“During some of those cold periods, the consumer in the Northeast, including New England, pays billions of dollars more on their electric bill than they would have, had we had more pipeline capacity to bring in that Marcellus shale gas,” said Kiley. Regions such as the greater New York City area and Massachusetts in particular have felt the strain of these bottlenecks. 

2030, 2050 and Beyond

In 2019, New England also saw the completion of the Eastern System Upgrade to the Millennium pipeline and Williams’ Riverdale South to Market project and its Gateway Expansion projects. Several more pipeline projects are planned for 2020 and 2021. But, it’s a fact that single large projects are facing more challenges than ever.

As of last November, seven states and the District of Columbia passed laws to mandate that 100% of the electricity sold in the state or district come from renewable or zero-carbon resources by 2050 or before. Multiple other states are considering legislation or are voicing clean energy commitments. 

An atmosphere that negates the need for pipelines is “frustrating,” said Kiley, especially when you consider the U.S.’s enormous gas resources. “It’s tantalizingly close … but constraints on the interstate pipelines don’t allow us to get that gas here.” 

“We have seen states, particularly in the Northeast, take a hardline position against all fossil fuels, which has impacted our projects in those regions from a permitting perspective,” added Dunn. “It’s unfortunate and ironic that these sweeping no-fossil fuel mandates will actually increase emissions and perpetuate the use of high-carbon fuels like heating oil and diesel.”

Clean energy planners looking out to 2050 are wagering that new technology will be in place to allow them to cost-effectively move to renewable power gen sources, like wind or solar. But even they say that for all practical purposes, gas has to remain the long bridge out to 2050 – and possibly even beyond. 

Pathway 2045 is Southern California Edison’s (SCE) plan to achieve carbon neutrality following the guidelines of the state’s SB 100, which limits the amount of natural gas used for power generation to about 10%. Currently, natural gas provides 46% of in-state generation; the plan outlines a reduction by 50% by 2045, with 40% of the remaining fuel transitioning to hydrogen or biomethane. 

One of the key takeaways, however, says Erica Bowman, director of resource planning and environmental strategy at SCE, is that “even as we are working toward that decarbonization vision of California, the natural gas facilities that we have in our state still play a role in keeping that transition affordable.”

Reliability during extended cloudy weather or peak periods is another key factor. When planners took a look at the cost to install resources to supply reliable power should natural gas be completely retired from the 2045 vision, “we found that on an annual basis it basically cost 40% more to install the resources needed,” said Bowman. “That’s a big cost differential. So, we’re also thinking about the context of affordability. There is value to having that natural gas capacity.” 

But, she added, everything is dependent on technology and how it could impact those costs. “Hydrogen might move in and be the energy carrier of choice at that point in time,” she said, even possibly leveraging the same infrastructure as natural gas. 

Over on the East Coast, Duke has set a net-zero carbon goal by 2050, with a 50% reduction by 2030. And likewise, “we see natural gas as very important to get to those goals,” said Nissan, “primarily because it allows us to retire our coal plants … [and] at the same time keep adding renewables onto our system.”

Nissan says that gas will become a larger part of Duke’s generation mix out to 2030 but agrees that the two decades after that will prove to be a defining time. Currently, the state follows only California in its solar investments, and it has invited conversations with environmental groups and other stakeholders as it has developed its plans and processes.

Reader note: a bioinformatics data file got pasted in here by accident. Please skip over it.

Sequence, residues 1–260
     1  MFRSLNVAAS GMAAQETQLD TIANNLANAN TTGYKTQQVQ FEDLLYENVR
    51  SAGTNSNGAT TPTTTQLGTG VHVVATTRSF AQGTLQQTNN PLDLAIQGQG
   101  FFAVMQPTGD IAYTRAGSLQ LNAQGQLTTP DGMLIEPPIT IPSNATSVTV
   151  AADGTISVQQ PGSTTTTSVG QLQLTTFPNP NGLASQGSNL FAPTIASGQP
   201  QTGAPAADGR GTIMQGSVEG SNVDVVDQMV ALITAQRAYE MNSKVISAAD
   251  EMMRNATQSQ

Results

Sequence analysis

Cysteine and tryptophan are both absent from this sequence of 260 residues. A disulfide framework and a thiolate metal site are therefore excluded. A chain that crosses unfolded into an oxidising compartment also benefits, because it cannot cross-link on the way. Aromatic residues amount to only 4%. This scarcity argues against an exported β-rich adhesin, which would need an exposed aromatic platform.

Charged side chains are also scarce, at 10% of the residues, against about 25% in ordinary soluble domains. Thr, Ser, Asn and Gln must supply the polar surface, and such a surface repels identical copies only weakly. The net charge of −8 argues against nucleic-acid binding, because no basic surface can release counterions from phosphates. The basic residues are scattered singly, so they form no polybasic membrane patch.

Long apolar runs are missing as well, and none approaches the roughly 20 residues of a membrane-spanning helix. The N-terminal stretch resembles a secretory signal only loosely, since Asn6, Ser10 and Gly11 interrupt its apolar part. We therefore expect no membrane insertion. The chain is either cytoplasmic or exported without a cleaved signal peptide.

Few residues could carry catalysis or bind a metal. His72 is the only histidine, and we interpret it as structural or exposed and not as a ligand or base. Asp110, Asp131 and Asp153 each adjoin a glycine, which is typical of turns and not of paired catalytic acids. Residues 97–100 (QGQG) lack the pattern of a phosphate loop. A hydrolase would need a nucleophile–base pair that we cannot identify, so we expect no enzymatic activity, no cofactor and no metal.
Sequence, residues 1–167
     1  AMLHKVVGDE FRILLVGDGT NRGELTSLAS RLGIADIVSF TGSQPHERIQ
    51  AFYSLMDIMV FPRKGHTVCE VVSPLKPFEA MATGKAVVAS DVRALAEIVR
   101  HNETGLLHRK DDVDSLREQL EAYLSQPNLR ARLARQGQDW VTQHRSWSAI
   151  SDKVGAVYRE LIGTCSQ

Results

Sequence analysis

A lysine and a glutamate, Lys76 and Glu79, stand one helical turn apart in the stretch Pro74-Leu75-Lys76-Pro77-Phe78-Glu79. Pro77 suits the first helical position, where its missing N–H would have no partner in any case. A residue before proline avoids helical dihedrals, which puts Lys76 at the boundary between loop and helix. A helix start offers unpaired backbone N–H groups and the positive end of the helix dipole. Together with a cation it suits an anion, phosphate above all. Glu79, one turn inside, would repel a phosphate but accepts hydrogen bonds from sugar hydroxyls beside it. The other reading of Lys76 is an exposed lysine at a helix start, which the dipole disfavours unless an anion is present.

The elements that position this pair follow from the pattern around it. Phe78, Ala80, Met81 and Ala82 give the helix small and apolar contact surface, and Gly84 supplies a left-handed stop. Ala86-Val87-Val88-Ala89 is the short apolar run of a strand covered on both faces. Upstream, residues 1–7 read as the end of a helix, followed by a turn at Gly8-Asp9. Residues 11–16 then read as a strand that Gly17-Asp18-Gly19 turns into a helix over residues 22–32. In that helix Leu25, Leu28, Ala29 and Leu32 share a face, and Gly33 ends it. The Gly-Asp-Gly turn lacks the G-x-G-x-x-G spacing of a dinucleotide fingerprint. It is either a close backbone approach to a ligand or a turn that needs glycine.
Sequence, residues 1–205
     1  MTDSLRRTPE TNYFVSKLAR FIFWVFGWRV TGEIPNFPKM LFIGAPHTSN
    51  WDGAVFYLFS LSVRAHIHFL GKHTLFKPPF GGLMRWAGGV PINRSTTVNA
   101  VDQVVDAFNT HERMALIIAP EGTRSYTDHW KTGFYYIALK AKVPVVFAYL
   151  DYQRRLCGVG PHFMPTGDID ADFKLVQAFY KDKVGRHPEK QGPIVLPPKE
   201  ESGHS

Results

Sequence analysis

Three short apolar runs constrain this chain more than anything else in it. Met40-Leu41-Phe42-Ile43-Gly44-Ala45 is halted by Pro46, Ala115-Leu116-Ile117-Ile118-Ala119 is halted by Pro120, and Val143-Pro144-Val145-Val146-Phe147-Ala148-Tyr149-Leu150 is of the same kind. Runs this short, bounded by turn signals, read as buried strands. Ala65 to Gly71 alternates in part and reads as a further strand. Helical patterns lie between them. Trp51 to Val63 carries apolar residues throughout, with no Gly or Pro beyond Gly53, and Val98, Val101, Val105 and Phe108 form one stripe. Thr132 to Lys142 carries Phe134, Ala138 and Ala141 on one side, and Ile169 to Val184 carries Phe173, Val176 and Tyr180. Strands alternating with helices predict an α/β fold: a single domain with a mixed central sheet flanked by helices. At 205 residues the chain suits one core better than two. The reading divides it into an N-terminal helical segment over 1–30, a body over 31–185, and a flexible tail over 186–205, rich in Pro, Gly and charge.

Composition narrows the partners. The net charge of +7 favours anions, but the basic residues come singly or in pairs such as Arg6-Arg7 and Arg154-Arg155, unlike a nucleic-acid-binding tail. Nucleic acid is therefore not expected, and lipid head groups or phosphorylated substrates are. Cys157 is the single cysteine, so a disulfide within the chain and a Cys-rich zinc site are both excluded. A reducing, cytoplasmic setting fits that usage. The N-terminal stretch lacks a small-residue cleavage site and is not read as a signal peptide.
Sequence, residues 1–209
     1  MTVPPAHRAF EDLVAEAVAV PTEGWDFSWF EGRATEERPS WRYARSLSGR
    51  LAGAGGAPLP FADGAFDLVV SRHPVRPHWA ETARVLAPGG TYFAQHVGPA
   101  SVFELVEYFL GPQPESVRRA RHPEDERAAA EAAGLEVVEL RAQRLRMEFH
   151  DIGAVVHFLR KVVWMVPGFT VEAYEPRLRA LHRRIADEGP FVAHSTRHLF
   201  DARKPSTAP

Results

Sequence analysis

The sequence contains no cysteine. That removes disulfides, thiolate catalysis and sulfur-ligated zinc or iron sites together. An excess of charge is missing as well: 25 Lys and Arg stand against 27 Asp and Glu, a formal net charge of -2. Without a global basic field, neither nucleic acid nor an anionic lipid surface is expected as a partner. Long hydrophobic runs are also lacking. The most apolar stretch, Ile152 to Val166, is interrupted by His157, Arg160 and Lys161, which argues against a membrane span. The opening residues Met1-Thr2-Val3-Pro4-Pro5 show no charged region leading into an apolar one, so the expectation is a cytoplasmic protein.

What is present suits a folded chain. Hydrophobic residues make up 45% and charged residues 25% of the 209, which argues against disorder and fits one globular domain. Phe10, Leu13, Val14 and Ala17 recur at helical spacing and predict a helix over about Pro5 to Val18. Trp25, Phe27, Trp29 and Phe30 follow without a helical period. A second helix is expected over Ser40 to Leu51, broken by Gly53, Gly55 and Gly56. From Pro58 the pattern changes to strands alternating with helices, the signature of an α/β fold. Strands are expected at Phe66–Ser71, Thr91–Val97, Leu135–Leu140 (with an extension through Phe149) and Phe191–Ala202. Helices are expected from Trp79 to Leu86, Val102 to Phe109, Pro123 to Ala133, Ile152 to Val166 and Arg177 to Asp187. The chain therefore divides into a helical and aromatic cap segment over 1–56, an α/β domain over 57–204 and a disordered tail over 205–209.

“Between now and 2050, I assume we’re going to have carbon capture technology; we’re going to have small modular nuclear reactors. Part of our strategy is to have renewables for all of our nuclear fleet,” he said. 

Still, he added, “It [depends on] what time period you’re looking at, but we see gas as a very important part of how we’re retiring coal and also part of our climate goals because it does allow you to retire coal and add renewables.” 

Balancing Act  

In other words, there’s a fine line that planners and policymakers have to dance upon as they are making decisions today that impact our energy and economic climate years into the future. 

There’s no question that building any kind of infrastructure is “challenging in this day and age,” said Nissan, from permitting and legal challenges to environmental activism. “Putting anything in the ground whether it’s transmission lines, pipelines or power plants is always going to be difficult.”

Williams was heavily involved in the “National Petroleum Council’s Dynamic Delivery: America’s Evolving Oil and Natural Gas Transportation Infrastructure” report, released in late 2019.

“The study found that there is an overwhelming need to streamline the permitting process for large-scale infrastructure projects,” said Dunn. “An efficient National Environmental Policy Act process will allow us to continue protecting the environment, meet growing demand, serve our customers and ultimately continue to keep the nation’s homes warm and well lit.

“The report also includes recommendations to remove barriers experienced during infrastructure siting and construction, as well as to speed the adoption of new technologies that will improve safety, reliability and environmental performance.”

For utilities and other stakeholders, sharing key benefits with policymakers and community leaders has high value. “[Think of] the benefits of these investments in terms of jobs or tax revenues,” said Nissan. He points to Duke’s Citrus County, Florida, power plant as one example, which brought in tax revenues that have helped offset that county’s unexpected economic downturn due to COVID-19, along with providing permanent jobs. 

The technology argument also has to allow for the fact that in the next decades, improvements to gas facilities could be such that gas remains the clean solution. “Every time you build [a power plant], it’s a better version. The combustion engines are becoming more efficient … they’re saving in terms of reducing carbon emissions – nitrogen oxide, sulfur oxide, any emissions that come from the power plant,” said Nissan. “The technology is improving so quickly that when you build one today, you can honestly say this is one of the most fuel-efficient power plants in the country.”